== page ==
particular emergent situation  and  such  appointment  obviously  would  not
continue for a fairly long period. But  an  appointment  made  either  under
Rule 16 or 17 of the Recruitment Rules,  after  due  consultation  with  the
High Court and the appointee  possesses  the  prescribed  qualification  for
such appointment provided in Rule 7 and continues as such for a fairly  long
period, then the same cannot be held to  be  "fortuitous".  In  Black's  Law
Dictionary, the expression "fortuitous"  means  "occurring  by  chance",  "a
fortuitous event may be highly unfortunate".  It  thus,  indicates  that  it
occurs only by chance or accident, which  could  not  have  been  reasonably
foreseen.  The  expression  "ad  hoc"  in  Black's  Law  Dictionary,   means
"something which  is  formed  for  a  particular  purpose".  The  expression
"stopgap" as per Oxford Dictionary, means "a temporary way of  dealing  with
a problem or satisfying a need".

17. In Oxford Dictionary, the word "ad hoc" means for a particular  purpose;
specially. In the same dictionary, the word "fortuitous" means happening  by
accident or chance rather than design.

18. In P. Ramanatha Aiyar's Law Lexicon (2nd Edn.)  the  word  "ad  hoc"  is
described  as:  "For  particular  purpose.  Made,  established,  acting   or
concerned with a particular (sic) and  or  purpose."  The  meaning  of  word
"fortuitous event" is given as "an event which happens by a cause  which  we
cannot resist; one which is unforeseen and caused by superior  force,  which
it is impossible to resist; a term synonymous with Act of God".

19. The meaning to be assigned to these terms while interpreting  provisions
of a service rule will depend  on  the  provisions  of  that  rule  and  the
context in and the purpose for which the expressions are used.  The  meaning
of any of these terms in the context of computation of  inter  se  seniority
of officers holding cadre post will depend on the  facts  and  circumstances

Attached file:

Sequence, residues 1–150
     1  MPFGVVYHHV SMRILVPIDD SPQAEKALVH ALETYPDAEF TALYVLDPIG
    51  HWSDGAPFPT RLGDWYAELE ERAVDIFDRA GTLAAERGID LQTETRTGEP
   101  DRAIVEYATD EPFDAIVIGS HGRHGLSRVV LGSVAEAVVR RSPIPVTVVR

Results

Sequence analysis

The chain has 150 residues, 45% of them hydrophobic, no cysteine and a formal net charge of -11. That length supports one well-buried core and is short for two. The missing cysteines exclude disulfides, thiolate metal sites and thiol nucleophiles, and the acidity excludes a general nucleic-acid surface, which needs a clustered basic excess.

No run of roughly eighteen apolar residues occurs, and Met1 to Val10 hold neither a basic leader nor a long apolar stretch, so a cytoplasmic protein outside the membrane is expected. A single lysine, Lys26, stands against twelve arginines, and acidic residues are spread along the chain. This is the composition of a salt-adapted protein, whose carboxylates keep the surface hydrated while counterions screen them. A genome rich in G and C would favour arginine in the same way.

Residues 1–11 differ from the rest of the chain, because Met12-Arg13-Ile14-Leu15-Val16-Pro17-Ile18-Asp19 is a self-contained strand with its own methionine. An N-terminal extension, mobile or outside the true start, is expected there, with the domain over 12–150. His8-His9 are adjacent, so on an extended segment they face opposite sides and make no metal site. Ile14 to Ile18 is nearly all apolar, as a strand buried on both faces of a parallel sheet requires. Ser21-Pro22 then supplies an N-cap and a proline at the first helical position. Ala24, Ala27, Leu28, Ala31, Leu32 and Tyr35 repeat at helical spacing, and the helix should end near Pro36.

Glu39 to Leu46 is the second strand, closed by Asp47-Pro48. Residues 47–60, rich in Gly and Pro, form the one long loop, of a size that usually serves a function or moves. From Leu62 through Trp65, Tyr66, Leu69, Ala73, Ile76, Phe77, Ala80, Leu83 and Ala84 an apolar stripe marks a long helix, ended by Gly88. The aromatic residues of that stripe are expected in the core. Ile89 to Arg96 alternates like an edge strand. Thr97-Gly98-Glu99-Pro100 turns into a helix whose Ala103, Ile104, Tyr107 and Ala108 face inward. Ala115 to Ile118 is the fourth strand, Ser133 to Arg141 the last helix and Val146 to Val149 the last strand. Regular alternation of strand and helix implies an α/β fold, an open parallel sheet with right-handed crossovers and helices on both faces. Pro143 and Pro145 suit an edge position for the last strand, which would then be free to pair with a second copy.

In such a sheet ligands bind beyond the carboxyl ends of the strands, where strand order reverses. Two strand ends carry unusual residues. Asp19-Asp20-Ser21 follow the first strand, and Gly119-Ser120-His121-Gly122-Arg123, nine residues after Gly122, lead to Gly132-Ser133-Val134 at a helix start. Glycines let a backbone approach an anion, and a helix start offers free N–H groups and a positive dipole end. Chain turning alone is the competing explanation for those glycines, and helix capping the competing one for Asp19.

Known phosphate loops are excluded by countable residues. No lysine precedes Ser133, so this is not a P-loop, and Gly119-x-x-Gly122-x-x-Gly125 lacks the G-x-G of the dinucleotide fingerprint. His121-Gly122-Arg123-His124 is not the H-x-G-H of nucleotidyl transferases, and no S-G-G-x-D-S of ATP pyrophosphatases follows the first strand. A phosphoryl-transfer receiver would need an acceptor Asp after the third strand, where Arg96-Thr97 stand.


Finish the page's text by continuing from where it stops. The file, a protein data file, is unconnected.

in which the appointment came to be  made.  For  that  purpose  it  will  be
necessary to look into the purpose for which the post was  created  and  the
nature of the appointment of  the  officer  as  stated  in  the  appointment
order. If the appointment order itself indicates that the  post  is  created
to meet a particular temporary contingency and for  a  period  specified  in
the order, then the appointment to such a post can  be  aptly  described  as
"ad hoc" or "stopgap". If a post is created to meet a  situation  which  has
suddenly arisen on account of happening of some event of a temporary  nature
then the appointment of such a post can aptly be described  as  "fortuitous"
in nature. If an appointment is made to  meet  the  contingency  arising  on
account of delay in completing the process of  regular  recruitment  to  the
post due to any reason and it is not possible to leave the post vacant  till
then, and to meet this contingency  an  appointment  is  made  then  it  can
appropriately be called [pic]as a "stopgap" arrangement and  appointment  in
the post as "ad hoc" appointment. It is not possible to lay down any strait-
jacket formula nor give an exhaustive list of  circumstances  and  situation
in which such an appointment (ad hoc, fortuitous or stopgap)  can  be  made.
As such, this discussion is not intended to enumerate the  circumstances  or
situations in which appointments of officers can be said to come within  the
scope of any of these terms. It is only to indicate how  the  matter  should
be approached while dealing with the questions  of  inter  se  seniority  of
officers in the cadre.

20.  In  service  jurisprudence,  a  person  who  possesses  the   requisite
qualification for being appointed to  a  particular  post  and  then  he  is